A brief sneak peek at some print-on-demand merch I’m working on for the 2020 Holidays. The line is set to go live this Friday at noon.

What’s print-on-demand?

I’ll have a bunch of designs out of my paintings ready to go, customers pick what they like, complete an order, and it will be made just for you and shipped out in a few days.

A sneak peek at a mockup of my painting design on a face mask. I’m not sure about the mountain reflection. It makes a sort of exaggerated mouth shape.
The painting design for the face mask above.

Why am I suddenly working on my own art merch?

This comes out of a wish to see more art out and about in the world. I’ve had it in the back of my mind for quite a long time, and finally the technology has caught up enough to make it accessible to a one-woman show like me. Let’s let art out into the world to mingle with life, shall we?

With these designs in particular, I’m playing with the differing moods that come with differing palettes.

While I’m usually quite careful to use photo editing only to get an accurate picture of my work, this is surprisingly difficult to do! And most of us experience art on our screens these days through social media, blogs, articles, online galleries, and so on…. This inspired me. Why not capitalize on the digital colour, light, and contrast perspectives (filters) in my praxis.

I’ve wanted to work more with prints for some time, but simply offering prints of my paintings is practical and affordable for customers, which is great! Don’t get me wrong. Accessibility is one of my core values as an artist. But I get excited, artist (mouthwatering) excited about these digital alterations.

I see them as another layer of my art, of a specific painting, enhancing its aliveness, and bringing into focus the way our visual media constantly recreate our art. They add to it, change it, replicate it in slightly or greatly differing ways.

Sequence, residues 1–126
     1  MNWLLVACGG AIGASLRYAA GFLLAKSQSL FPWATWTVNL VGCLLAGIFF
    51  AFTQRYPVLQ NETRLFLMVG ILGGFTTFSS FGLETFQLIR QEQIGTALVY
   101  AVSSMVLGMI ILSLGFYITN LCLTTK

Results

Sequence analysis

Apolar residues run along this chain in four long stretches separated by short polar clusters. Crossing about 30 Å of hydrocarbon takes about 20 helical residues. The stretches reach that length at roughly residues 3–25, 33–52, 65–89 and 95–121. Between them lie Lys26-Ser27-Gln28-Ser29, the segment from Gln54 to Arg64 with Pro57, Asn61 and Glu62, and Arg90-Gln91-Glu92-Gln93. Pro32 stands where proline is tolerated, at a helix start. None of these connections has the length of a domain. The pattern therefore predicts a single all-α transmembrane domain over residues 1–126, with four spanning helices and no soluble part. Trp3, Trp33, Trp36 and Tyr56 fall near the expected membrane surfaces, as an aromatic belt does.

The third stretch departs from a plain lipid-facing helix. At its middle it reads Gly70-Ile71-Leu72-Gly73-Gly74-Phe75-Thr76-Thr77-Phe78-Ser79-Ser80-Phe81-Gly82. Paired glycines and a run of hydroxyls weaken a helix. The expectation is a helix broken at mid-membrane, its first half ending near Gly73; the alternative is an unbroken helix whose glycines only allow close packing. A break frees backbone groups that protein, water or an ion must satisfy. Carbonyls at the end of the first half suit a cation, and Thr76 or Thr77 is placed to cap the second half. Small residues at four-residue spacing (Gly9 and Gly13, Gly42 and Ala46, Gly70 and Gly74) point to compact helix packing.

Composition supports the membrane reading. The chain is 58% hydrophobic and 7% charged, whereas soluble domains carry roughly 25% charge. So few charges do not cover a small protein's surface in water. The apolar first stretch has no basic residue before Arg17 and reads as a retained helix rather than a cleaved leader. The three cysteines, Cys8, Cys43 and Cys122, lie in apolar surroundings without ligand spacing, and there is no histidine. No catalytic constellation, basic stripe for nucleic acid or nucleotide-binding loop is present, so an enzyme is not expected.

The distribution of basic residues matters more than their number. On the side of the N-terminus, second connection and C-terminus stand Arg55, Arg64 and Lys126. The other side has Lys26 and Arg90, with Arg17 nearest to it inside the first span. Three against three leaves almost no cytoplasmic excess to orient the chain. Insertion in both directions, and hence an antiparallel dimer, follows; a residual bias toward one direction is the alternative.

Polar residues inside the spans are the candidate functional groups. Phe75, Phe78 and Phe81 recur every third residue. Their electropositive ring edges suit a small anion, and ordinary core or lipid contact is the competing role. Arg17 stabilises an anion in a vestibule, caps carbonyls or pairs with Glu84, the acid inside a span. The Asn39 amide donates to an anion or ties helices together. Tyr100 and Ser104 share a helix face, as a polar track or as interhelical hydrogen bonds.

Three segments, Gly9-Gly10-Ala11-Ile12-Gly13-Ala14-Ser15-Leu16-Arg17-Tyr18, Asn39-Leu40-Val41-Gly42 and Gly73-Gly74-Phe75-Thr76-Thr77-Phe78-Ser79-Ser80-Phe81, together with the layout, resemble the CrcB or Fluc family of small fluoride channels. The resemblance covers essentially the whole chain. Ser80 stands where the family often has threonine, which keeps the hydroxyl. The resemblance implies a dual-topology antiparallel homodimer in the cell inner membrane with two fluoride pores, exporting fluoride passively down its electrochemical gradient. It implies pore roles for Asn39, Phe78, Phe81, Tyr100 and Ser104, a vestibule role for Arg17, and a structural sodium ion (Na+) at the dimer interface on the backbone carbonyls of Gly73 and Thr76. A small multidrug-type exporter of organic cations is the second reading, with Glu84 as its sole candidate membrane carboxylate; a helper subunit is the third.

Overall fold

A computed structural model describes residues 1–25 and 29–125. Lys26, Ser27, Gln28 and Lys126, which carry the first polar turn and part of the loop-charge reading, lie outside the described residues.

No painting looks the same on any two people’s phone, desktop, or laptop screens. Photographs are no better due to various settings and the way cameras work. Even the painting itself looks different from moment to moment, whether this is due to changing light or the way we experience the painting with our interpreting senses and minds.

How did I discover this possibility?

While using Photoshop Express for working on aptly capturing my paintings in as true of a light as possible , I come across interesting filters time and again that allow you to see a painting from new colour perspective. I find this intriguing, especially the photo negatives. I’m not exactly sure why, but it feels to me like I can see beneath the surface of the painting, see what lies hidden below its appearances.

Often when I’m painting, I feel as if something is eluding me, and when I view it in reverse, it feels complete, satisfying, and grounding.

Abstract landscape no. 3 in progress. It needs some more work with the colours…
…but I’m already loving the photo negatives. They look like they’re showing the earth underneath the water.
This one is a bit different because it comes from one of the original edited versions that scales the contrast and hue a bit differently. Which one is “truer”? 🤔

This then brings me back to taking art out into the world on tote bags, masks, laptop cases, socks, etc. It feels like it would help restore some sort of balance in our daily experiences, which are dominated by brand messages, logos, colour schemes, and so on. Or there’s a lack of interest in aesthetics.

I would love to see art as a greater part of everyday life. Hence, my own art merch.

What can you do?

If you’re interested in this print project, stay tuned here, check out my art shop and follow me on Instagram to see updates as they roll out. The line is set to go live this Friday (November 20th) at noon!

You can also DM me if you want me to keep you posted personally. Or you can subscribe to my email list at the bottom of any of my main pages, i.e. Contact, and watch for updates in your inbox.

I just realized that it’s funny how my excitement over this versioning of art is opposite to Andy Warhol’s criticism of the lifeless, soulless nature of mass reproduction. Thankfully, by now the technology has become so accessible that it can be used to support creativity and a burgeoning mass of artists who were previously dependent on people with capital. Now it’s all at the touch of a screen.

And Campbell’s Soup is kind of quaint now, nostalgic of simplicity and comfort. It is within the iterations (or re-iterations) that even mass produced things like Campbell’s Soup change. They change in how we experience and interpret them.

I’m going to think on that some more, and pick it up for another post later. Anyone who has thoughts now about the intersection of these contexts and ideas, please share them.

In the meantime, may you live with art in your heart & soul.

xo Julie


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